7. The competition is the money losing part of the deal. The money winning part is the 3 day 4 session festival. A regional does not solve the required floor space in Denver.

  8. I think a regional competition for professional breweries *should* be easier to manage than one for homebrewers--it's much easier to ballpark the amount of beer which will be entered.

    As for the festival/floor space, in lieu of some unforeseeable implosion of the craft brewing industry, the demand for space will exceed supply unless an alternative is sought on either end of that equation.

    (Suggestions made with no event planning knowledge or specific knowledge of the city of Denver)
    -Go outdoors. I'm not really sure where, given that the two major outdoor sports venues would be in use. But again, I'm an ideas man. Also, outdoor festivals can get messy.
    -Multiple venues. The least pleasant idea, just because it takes away from the camaraderie of the festival. I have similar issues with alternating breweries between sessions.
    -Take over the city. I'm thinking of something like South by Southwest is for music festivals, where it's not confined to stages, but rather the city of Austin turns into a music festival. The logistics with beer, of course, are much more difficult, and maybe impossible. But Denver might be one of the few cities that could pull it off. This is my favorite but definitely craziest idea.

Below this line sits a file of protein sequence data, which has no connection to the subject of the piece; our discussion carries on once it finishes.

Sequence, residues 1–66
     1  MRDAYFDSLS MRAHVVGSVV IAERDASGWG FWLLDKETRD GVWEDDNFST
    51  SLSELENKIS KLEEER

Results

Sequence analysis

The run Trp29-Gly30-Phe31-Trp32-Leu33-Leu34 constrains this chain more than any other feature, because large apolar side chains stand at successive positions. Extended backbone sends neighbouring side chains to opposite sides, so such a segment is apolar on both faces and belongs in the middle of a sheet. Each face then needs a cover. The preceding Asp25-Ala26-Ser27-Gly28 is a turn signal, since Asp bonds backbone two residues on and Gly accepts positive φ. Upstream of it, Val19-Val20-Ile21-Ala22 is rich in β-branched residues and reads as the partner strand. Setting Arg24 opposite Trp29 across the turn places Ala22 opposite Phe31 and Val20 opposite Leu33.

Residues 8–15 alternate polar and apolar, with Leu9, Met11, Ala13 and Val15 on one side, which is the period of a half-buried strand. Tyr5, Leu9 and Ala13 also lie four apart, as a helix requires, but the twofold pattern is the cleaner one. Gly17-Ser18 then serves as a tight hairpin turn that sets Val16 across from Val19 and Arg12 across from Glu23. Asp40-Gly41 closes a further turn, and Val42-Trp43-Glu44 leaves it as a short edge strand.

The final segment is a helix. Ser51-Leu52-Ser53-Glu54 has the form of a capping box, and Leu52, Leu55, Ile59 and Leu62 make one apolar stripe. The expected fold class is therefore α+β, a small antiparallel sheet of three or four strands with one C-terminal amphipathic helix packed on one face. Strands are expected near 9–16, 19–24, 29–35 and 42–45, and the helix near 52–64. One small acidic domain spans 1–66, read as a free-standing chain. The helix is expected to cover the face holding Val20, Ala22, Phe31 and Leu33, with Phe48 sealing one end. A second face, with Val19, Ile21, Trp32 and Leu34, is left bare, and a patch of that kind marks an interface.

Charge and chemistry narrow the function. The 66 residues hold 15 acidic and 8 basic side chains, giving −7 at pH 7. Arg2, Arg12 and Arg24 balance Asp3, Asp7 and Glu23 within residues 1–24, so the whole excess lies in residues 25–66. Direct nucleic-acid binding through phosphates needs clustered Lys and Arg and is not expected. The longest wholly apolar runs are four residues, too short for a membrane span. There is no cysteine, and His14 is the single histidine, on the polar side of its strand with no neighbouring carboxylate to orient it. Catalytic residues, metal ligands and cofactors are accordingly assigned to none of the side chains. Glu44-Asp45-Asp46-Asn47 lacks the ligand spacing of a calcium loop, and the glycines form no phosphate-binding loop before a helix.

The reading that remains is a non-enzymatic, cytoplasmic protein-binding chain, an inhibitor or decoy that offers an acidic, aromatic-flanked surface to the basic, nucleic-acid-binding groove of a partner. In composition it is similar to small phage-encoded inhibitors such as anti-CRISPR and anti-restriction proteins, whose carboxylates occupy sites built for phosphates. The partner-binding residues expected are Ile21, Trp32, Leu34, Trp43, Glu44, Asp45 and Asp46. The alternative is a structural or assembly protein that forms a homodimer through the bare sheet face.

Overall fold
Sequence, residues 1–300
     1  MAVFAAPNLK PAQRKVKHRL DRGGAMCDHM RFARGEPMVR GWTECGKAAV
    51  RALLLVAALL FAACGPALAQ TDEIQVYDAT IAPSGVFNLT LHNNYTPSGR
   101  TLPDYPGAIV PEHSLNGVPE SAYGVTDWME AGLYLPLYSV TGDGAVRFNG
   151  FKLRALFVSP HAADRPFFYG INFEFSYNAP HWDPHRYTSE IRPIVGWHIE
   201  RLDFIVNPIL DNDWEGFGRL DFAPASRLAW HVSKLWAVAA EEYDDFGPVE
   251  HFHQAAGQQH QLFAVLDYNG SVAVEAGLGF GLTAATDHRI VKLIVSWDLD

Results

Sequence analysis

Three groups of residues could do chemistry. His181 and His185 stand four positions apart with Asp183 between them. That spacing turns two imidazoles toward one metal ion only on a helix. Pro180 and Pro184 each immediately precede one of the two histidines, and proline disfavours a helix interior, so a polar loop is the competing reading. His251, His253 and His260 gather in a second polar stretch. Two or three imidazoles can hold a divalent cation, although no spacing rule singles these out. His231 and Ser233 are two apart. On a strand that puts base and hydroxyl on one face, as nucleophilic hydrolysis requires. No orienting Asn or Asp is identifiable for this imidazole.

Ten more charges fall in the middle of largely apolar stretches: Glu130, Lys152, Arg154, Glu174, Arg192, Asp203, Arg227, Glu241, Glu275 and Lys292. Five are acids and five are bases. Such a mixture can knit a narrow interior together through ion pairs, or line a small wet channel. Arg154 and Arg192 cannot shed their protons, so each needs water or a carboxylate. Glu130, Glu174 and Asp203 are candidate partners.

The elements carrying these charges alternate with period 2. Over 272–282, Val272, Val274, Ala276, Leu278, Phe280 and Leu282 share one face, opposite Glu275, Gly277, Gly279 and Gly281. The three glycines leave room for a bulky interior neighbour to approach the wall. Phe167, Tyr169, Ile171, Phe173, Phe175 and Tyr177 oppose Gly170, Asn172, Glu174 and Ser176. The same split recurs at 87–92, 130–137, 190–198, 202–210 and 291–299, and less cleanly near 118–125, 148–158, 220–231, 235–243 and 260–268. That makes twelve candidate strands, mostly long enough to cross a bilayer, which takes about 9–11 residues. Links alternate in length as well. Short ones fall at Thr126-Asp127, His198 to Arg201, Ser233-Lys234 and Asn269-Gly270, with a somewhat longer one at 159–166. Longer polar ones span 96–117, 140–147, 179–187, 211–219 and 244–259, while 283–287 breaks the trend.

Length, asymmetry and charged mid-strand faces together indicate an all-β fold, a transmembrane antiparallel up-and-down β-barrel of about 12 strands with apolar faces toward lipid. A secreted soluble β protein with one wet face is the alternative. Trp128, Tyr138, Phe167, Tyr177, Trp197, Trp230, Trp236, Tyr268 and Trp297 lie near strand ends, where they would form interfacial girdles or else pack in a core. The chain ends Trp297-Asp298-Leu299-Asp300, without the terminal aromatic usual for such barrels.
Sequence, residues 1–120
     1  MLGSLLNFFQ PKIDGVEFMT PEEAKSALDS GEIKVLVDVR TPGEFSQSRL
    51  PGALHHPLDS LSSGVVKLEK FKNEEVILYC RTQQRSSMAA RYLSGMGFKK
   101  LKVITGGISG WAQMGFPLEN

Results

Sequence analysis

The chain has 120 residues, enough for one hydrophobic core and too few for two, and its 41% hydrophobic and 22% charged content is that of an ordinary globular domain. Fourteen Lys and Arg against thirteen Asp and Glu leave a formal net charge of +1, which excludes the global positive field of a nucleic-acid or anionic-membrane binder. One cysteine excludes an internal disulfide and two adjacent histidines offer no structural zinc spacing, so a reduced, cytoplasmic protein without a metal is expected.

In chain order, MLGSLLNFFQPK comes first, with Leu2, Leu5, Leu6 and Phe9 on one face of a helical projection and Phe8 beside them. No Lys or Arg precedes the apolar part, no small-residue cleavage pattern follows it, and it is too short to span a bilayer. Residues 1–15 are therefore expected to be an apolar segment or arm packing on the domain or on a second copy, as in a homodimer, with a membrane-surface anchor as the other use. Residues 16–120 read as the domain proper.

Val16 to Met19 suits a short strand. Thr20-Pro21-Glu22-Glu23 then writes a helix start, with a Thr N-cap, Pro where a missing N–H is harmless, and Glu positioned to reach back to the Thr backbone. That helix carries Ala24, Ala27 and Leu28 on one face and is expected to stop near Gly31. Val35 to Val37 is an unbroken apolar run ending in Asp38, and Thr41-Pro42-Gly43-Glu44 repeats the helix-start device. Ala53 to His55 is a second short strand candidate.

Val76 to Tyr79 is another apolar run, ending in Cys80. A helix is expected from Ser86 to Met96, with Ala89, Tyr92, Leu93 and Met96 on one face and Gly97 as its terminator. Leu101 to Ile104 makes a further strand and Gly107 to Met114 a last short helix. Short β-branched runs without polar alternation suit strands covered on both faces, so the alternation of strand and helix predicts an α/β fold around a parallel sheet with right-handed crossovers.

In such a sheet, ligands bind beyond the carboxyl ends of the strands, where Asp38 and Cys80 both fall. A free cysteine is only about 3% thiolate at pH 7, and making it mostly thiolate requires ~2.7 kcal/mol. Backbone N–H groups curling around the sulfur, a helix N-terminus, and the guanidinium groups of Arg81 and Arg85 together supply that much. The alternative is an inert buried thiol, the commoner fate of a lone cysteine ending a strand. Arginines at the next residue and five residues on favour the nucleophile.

-Create some sort of guaranteed entry based on past success in the competition (WBC can count as well). Sort of like they do for majors in golf and tennis. Remaining spaces could either be a free for all or incorporate some of my other winning solutions.
    -Stipulate either a barrelage or longevity minimum for preferential entry. I don't like using barrels, because it doesn't really matter for brewpubs, and there are plenty of successful packaging breweries who don't make that much beer. But I do like the idea of a longevity minimum. It doesn't have to be huge, but I think alot of chaff would be winnowed simply by saying you have to have sold your beer for a year.

    I realize that this thinking is elitist and possibly against the spirit of the festival (or of craft beer, or Charlie Papazian, or beer itself), but I think it hurts the festival if it's not representative of craft beer in America as a whole. People go to GABF because they want to try beers from around the country they always heard were great but don't get to try in their own backyard (cf. New Glarus). When GABF started, it gave "microbrewers" a venue to showcase their beer because there was nowhere else to do so. There are now thousands of very successful beer festivals around the country which fulfill that same purpose at a much more local level. One can't say that the outlet is not there. The industry is too big at this point for the GABF to claim that it fully represents independent beer in the United States. It can still represent independent beer in the US, and do so in a profitable manner that gives event-goers what they want. The industry is too big though for any one festival to try to cram everything into one showcase. Which is a good thing, it seems.